URI students win grants to study foreign languages overseas

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2018 Demers recipients
Some of the 2018 Demers recipients are, from left front, Salita Daraphet; Elliot Anderson; Nina Gardner; and Sandra Deeb. From rear left, James Gannon; Emily Hadfield; Mark Keenan; Cynthia Malambi; Kevin Speckmann; and Julian Andriulli. Photo by Michael Salerno.

KINGSTON, R.I., May 2, 2018—Elliot Anderson was worried that he might have to take out a loan to pay for his study abroad in France next year, but now he can rest easy.

The University of Rhode Island engineering student can thank Beatrice S. Demers, a former URI professor passionate about languages and travel, for making his trip possible.

Anderson is one of 18 URI students who received grants from the Beatrice S. Demers Foreign Language Fellows fund to study overseas.

Demers spent her life teaching foreign languages, first to students in the Pawtucket schools and then to students at URI, where she taught for more than 30 years.

After her death, she left $4 million to the Rhode Island Foundation to establish and administer the fund. The fellowships to study in Jordan, China, France, Germany, Spain, Japan and Chile cover the costs of tuition, housing and travel.

This year’s recipients reflect the vibrancy of the language program at URI.

Fifteen of the students have foreign language majors along with a second major; one is studying Japanese; and another recipient is minoring in Arabic. A final student, who is a veteran and law enforcement officer, is pursuing the study of Arabic as a non-matriculating student.

All but two students also have membership in special academic programs: International Engineering Program; International Business Program; Honors Program; Talent Development; and the Chinese Language Flagship Program.

Collectively, the students will receive $233,900, the largest amount in the history of the program. Since its inception in 2011, the Demers Fellowship has provided $1.5 million to URI students in support of their foreign language immersion.

Anderson, of Providence, says he is grateful for the award. He is enrolled in URI’s five-year International Engineering Program, majoring in civil engineering and French.

“I was in disbelief,” says Anderson. “I’ve never felt so supported academically. I’ve never felt more personally touched. It’s incredible.”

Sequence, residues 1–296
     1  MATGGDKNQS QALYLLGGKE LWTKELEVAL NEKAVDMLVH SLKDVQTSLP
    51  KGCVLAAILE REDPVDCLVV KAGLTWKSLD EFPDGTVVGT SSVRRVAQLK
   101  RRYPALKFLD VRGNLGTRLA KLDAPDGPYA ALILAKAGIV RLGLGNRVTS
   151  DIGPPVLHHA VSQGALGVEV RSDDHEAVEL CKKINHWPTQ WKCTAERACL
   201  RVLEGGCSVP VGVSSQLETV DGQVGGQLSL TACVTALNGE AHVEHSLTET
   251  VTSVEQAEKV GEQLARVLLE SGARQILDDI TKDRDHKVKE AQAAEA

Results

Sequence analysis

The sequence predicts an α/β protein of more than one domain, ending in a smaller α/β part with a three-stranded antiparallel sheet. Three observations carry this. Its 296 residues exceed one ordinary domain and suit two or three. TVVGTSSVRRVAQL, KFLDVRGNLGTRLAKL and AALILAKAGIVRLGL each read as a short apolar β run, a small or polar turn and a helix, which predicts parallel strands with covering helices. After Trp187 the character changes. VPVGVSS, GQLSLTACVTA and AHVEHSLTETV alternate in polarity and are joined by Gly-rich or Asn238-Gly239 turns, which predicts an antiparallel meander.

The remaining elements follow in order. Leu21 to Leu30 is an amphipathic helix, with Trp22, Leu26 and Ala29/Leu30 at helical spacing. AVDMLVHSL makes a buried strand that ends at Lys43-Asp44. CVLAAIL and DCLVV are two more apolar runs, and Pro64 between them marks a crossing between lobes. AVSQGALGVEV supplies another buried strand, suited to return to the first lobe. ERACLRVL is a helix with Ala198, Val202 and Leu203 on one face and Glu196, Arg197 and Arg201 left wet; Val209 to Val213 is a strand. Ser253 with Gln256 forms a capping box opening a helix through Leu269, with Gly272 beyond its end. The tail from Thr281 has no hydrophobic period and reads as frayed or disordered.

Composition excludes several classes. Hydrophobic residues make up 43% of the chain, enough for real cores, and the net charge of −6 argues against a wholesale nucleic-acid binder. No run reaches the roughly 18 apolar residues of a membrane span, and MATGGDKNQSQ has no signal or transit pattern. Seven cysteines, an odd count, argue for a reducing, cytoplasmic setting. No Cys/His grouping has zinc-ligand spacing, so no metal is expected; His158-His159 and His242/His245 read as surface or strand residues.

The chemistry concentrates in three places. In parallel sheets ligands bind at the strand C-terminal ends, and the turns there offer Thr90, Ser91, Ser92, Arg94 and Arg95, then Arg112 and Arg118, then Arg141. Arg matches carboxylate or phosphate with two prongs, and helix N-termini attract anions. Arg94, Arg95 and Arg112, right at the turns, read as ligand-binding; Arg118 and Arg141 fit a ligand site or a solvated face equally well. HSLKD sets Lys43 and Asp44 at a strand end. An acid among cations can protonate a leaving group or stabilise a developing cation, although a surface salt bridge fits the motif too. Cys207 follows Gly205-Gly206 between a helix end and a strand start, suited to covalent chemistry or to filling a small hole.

He’ll depart July 26 for Compiègne, France to study at the Université de Technologie de Compiègne, where he’ll take courses in engineering, computer design, construction management, political economics and theater. He’ll intern at a French engineering firm his second semester.

Cynthia Malambi is also studying in France, but her destination is the Institut d’Etudes Politiques de Rennes, also known as Sciences Po Rennes. She’ll take courses in political science and French—and possibly Chinese.

Malambi is a triple major at URI—political science, French and Chinese. She is enrolled in the URI Honors Program and Talent Development, a highly regarded URI program that serves Rhode Island high school graduates from disadvantaged backgrounds.

“I am beyond grateful for the Demers,” says Malambi, of Providence. “I’m only 20 years old, and being able to travel the world, it’s literally mind-blowing.”

After graduation, she hopes to attend law school or get her master’s degree in public health.

Julian Andriulli, also in the International Engineering Program, will attend Okayama University in Japan for a year. He’ll study the Japanese language his entire year abroad and conduct research with a Japanese engineering professor.

“I’m extremely happy and excited,” says Andriulli of Barrington. “I’ll be able to study the language intensively. I’m aiming to be a liaison in a Japanese subsidiary manufacturing company.”

The Demers, he says, will help him achieve that dream.

Nina Gardner says she wouldn’t have been able to study abroad without the Demers grant. Gardner is another International Engineering Program student, with a focus on Spanish and civil engineering. She will study at the Universidad de Cantabria in Santander, Spain.

“I was speechless when I got the award,” says Gardner, a native of Taiwan who has lived in South Kingstown for seven years. “I almost cried. I was so thankful to the Rhode Island Foundation and the Demers donors. Without the Demers, I don’t think I’d be able to go.”

The students were judged on their dedication to foreign language study; the likelihood that the program will promote language fluency; and the variety of languages and programs.

The Demers is open to all Rhode Island residents, not just students. Non-resident students who attend a Rhode Island college or university are also eligible. Preference is given to URI applicants.

The other Demers recipients are: Paul Kelley (Arabic); Sophia Lavoie of Wakefield (Arabic); Kevin Speckman of Warrenton, Va., (Chinese); Sandra Deeb of South Kingstown (French); Elliot Engleman (French); Kimi Harrington of Hookset, N.H. (French); Mark Keenan of North Smithfield (German); Maeve Story of Southport, Conn. (German); Kelly Domogala of Southbury, Conn. (Spanish); James Gannon of Coventry (Spanish); Justin Hayes of South Kingstown (Spanish); Robyn Johnson of Elsah, Ill. (Spanish); Emily Hadfield of Pipersville, Pa. (Chinese); and Salita Daraphet of Northridge, Mass. (Chinese).